Not enough nurses for COVID wards as cases rise

Medical professionals want better transparency, meaningful restrictions on COVID-19

Malta has witnessed an exponential rise in COVID-19 infections as public health restrictions were loosened in preparation for a return to pre-pandemic normality this summer.

The island is following suit as more countries opt for a relaxation of restrictions on travel, despite the rise of the BA.2 Omicron variant across the world – on Friday, health minister Chris Fearne announced that Malta will allow the unvaccinated to travel to Malta on presentation of COVID-19 recovery certificates and rapid tests, a move widely welcomed by the Maltese tourism industry.

Yet medical workers at Mater Dei Hospital have told MaltaToday they are experiencing pressure on all different fronts due to the rise in COVID hospitalisations.

Yesterday, three patients died while COVID-positive, with 563 new infections registered over 24 hours, with total active cases now standing at 8,821.

Nursing union boss Paul Pace (MUMN) said staffing had reduced dramatically to some two to three nurses stationed in each Mater Dei ward, when international standards required each ward to have one nurse to every four patients – at least six nurses for a Mater Dei ward.

“We are facing a lack of human resources. In specialised COVID-19 wards, standards require five nurses for every 20 patients, but we are lucky to have just three on a good day,” Pace said.

“Nurses are the worst-hit profession, as they are the only ones tasked with managing a ward. Other specialists like doctors and physios visit the patient and then leave,” Pace said, complaining that his union is often misrepresented of being at loggerheads with the health administration.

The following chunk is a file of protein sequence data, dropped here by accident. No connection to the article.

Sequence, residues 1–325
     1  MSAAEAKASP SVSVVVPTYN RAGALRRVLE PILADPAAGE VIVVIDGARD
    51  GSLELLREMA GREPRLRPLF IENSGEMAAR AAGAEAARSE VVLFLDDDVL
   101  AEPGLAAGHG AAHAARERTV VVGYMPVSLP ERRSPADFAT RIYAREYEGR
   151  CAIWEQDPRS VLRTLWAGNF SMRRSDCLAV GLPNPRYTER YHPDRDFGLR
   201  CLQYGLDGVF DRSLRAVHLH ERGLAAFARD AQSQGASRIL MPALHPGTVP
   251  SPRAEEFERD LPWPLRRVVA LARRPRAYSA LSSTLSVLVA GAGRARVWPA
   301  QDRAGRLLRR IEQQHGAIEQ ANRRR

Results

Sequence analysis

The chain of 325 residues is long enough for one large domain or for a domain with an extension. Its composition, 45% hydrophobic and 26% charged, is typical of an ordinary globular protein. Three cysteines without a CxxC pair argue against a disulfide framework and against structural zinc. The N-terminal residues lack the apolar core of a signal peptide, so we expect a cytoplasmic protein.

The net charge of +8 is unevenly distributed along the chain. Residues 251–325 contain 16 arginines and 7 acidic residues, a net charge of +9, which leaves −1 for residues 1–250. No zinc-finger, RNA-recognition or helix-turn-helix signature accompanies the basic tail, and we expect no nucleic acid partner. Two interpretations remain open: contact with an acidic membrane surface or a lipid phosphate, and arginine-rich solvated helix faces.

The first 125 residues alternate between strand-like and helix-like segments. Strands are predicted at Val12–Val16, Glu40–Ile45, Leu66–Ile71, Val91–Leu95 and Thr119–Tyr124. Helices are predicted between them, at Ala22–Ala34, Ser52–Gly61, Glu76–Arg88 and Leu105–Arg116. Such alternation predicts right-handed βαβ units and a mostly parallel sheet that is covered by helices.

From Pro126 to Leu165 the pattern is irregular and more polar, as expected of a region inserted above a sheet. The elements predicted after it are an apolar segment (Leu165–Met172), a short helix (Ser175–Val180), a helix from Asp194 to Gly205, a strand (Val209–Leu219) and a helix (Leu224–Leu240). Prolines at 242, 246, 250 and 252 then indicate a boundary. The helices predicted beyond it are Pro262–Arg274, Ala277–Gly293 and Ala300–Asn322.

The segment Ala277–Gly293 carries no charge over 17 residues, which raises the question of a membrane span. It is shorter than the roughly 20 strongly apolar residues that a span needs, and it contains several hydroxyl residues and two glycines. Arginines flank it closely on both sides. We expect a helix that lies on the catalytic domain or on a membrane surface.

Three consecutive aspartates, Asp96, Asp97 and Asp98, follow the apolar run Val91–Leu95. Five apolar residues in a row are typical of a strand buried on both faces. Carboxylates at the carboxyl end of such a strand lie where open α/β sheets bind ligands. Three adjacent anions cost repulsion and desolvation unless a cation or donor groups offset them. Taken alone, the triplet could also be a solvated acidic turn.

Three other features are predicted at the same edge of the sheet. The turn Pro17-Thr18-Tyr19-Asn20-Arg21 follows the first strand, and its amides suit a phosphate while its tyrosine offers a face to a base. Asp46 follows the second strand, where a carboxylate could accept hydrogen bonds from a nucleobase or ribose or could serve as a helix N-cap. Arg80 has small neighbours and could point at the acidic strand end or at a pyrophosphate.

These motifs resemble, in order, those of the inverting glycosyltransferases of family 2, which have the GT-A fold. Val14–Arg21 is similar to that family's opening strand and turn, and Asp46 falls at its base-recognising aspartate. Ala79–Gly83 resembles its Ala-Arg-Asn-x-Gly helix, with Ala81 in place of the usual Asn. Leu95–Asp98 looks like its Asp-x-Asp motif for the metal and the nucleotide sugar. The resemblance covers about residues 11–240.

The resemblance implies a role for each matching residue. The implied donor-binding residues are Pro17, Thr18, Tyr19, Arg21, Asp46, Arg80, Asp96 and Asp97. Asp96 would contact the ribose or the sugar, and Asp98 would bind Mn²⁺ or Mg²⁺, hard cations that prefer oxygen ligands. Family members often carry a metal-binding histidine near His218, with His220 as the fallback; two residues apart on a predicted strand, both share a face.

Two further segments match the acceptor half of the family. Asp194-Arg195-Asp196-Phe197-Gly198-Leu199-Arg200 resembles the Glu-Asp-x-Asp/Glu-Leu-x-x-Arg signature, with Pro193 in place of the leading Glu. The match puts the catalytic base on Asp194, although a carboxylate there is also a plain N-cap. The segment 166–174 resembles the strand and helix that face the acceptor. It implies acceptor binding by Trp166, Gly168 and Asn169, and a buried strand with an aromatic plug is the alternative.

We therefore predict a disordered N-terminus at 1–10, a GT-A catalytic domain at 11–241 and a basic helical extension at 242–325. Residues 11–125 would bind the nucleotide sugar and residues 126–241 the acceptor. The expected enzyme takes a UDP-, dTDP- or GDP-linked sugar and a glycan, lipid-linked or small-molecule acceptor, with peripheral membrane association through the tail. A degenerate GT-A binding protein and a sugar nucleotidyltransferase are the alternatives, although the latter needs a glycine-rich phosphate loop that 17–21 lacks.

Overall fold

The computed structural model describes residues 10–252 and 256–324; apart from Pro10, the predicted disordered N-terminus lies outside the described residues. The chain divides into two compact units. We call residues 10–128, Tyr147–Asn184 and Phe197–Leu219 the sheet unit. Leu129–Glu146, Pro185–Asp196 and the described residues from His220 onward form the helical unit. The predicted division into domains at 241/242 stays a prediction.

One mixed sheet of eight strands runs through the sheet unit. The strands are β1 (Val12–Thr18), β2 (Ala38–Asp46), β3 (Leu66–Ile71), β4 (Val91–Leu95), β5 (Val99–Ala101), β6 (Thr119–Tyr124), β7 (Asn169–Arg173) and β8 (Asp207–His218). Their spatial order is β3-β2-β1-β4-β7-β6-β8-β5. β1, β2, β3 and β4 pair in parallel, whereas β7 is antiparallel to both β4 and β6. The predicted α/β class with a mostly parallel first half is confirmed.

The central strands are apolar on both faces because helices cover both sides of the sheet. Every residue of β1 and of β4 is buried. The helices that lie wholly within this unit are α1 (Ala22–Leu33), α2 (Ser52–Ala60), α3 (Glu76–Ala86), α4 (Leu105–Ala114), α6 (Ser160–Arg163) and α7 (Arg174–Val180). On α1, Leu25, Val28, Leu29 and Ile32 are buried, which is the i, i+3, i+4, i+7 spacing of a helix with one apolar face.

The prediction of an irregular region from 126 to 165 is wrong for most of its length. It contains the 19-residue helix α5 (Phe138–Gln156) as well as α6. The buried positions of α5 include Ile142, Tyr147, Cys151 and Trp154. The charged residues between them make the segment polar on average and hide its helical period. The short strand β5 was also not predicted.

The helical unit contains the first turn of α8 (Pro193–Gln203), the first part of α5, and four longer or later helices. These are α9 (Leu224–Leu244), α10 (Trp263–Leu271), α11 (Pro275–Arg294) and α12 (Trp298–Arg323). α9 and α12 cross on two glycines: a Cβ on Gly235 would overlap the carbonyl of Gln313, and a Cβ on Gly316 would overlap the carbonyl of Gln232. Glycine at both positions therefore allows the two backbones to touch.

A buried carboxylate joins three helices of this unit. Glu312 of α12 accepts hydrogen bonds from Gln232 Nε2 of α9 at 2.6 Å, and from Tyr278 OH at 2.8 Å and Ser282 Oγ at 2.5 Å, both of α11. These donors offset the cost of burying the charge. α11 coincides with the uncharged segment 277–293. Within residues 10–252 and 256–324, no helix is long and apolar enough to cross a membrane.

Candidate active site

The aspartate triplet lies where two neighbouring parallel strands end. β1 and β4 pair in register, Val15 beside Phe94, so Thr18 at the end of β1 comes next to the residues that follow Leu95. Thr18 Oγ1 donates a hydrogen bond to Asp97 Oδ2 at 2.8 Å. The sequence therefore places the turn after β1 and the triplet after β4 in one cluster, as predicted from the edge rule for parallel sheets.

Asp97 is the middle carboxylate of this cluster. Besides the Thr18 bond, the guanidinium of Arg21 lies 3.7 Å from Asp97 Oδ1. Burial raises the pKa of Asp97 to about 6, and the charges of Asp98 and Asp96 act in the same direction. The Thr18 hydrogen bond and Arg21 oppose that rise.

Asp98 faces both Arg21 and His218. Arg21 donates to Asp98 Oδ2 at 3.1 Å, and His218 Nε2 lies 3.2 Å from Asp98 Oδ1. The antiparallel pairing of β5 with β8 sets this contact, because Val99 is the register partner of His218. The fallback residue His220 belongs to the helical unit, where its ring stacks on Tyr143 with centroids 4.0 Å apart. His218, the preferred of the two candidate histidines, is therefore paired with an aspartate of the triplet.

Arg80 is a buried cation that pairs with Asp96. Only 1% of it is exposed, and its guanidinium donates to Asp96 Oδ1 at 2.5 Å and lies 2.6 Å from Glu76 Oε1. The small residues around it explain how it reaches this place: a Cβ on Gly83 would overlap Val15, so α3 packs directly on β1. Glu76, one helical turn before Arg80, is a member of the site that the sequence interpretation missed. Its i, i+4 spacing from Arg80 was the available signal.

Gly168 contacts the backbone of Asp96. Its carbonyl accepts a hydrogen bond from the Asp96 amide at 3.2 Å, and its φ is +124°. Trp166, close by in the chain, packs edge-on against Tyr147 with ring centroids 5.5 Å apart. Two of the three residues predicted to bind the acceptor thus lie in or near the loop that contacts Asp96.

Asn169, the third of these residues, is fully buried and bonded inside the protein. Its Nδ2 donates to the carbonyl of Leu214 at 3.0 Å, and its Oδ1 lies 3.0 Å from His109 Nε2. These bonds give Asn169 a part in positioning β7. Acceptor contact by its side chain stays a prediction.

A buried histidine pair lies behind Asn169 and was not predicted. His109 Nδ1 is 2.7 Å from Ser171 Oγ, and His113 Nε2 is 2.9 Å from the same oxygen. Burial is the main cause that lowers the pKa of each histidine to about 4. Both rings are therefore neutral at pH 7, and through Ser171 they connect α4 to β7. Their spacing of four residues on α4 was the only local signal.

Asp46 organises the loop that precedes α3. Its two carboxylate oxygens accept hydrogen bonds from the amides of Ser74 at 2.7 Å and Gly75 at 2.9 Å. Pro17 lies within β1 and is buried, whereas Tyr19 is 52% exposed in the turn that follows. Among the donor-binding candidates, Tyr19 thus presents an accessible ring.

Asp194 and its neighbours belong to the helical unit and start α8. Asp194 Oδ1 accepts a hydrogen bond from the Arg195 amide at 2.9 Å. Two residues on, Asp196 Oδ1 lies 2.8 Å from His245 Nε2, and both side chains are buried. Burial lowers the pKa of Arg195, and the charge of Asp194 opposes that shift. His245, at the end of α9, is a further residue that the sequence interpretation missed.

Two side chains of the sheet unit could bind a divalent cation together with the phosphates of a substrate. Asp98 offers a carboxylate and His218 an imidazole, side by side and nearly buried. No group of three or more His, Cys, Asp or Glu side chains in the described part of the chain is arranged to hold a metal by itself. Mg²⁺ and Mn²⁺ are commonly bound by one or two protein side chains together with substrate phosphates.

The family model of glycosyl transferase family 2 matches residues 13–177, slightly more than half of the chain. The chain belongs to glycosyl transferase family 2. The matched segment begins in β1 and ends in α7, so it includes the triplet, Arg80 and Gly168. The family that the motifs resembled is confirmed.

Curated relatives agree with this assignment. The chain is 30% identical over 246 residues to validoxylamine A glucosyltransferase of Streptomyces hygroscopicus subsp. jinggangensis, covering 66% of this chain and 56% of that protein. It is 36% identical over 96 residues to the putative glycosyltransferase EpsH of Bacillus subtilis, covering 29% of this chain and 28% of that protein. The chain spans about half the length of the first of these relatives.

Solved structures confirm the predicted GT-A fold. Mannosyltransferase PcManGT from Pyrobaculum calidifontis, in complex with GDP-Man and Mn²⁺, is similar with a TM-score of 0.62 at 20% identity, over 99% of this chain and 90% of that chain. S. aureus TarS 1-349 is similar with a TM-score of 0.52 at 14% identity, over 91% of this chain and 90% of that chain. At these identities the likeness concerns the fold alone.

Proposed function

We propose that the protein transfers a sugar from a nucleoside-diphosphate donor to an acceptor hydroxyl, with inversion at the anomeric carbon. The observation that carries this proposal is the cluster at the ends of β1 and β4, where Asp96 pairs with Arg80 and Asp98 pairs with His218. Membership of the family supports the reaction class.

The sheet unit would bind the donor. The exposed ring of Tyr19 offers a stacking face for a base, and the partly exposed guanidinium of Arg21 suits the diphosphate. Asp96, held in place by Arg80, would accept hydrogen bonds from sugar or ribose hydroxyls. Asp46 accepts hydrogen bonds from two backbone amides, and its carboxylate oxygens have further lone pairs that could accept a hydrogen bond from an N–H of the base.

“The biggest issue we are facing are patients admitted to hospital without knowing they are positive to COVID-19. We are in a situation where people do not know they are sick, and are admitted to hospital without knowing they have the virus, and therefore can spread it. There are over 150 cases at Mater Dei Hospital. This means work has doubled and sometimes even trebled, in order to get them through the whole procedure,” Pace said.

Compounding the concerns of medical staff is the lack of transparency on COVID infections, as daily numbers of infections and hospitalisations are no longer being announced by the Public Health Superintendence on its Facebook page.

Doctors union boss Martin Balzan (Medical Association of Malta) says the solution in keeping COVID numbers also lies in better transparency and meaningful restrictions.

“Health authorities should resume publishing COVID-19 related statistics. Figures like hospitalisations, new cases and active cases should be made accessible to the public. There is nothing wrong with providing this information. It is a dangerous situation if people lose trust in the health authorities and think they are withholding information from the public,” he said.

Balzan also said social distancing and the use of masks must be retained. “This our normality now, and people will continue to get sick, and therefore we must not forget the vulnerable in society.”

Pace even said that government’s decision to allow home-testing kits to be used for COVID patients in quarantine, was a recipe for the continued spread of the virus.

“Self-testing does not work. People are inclined towards faking their result, knowing they will be forced to quarantine if they are positive. If you are taking a self-test before a holiday, what are you going to do? Risk your whole family’s holiday, or fake it?

Pace said Malta should follow Italy’s example where the use of a KN95 face-mask remains a requirement, together with a green pass for entry into mass events and enclosed spaces. “To have half-baked measures which have no effect on the spread of the virus, is like not having anything,” he said.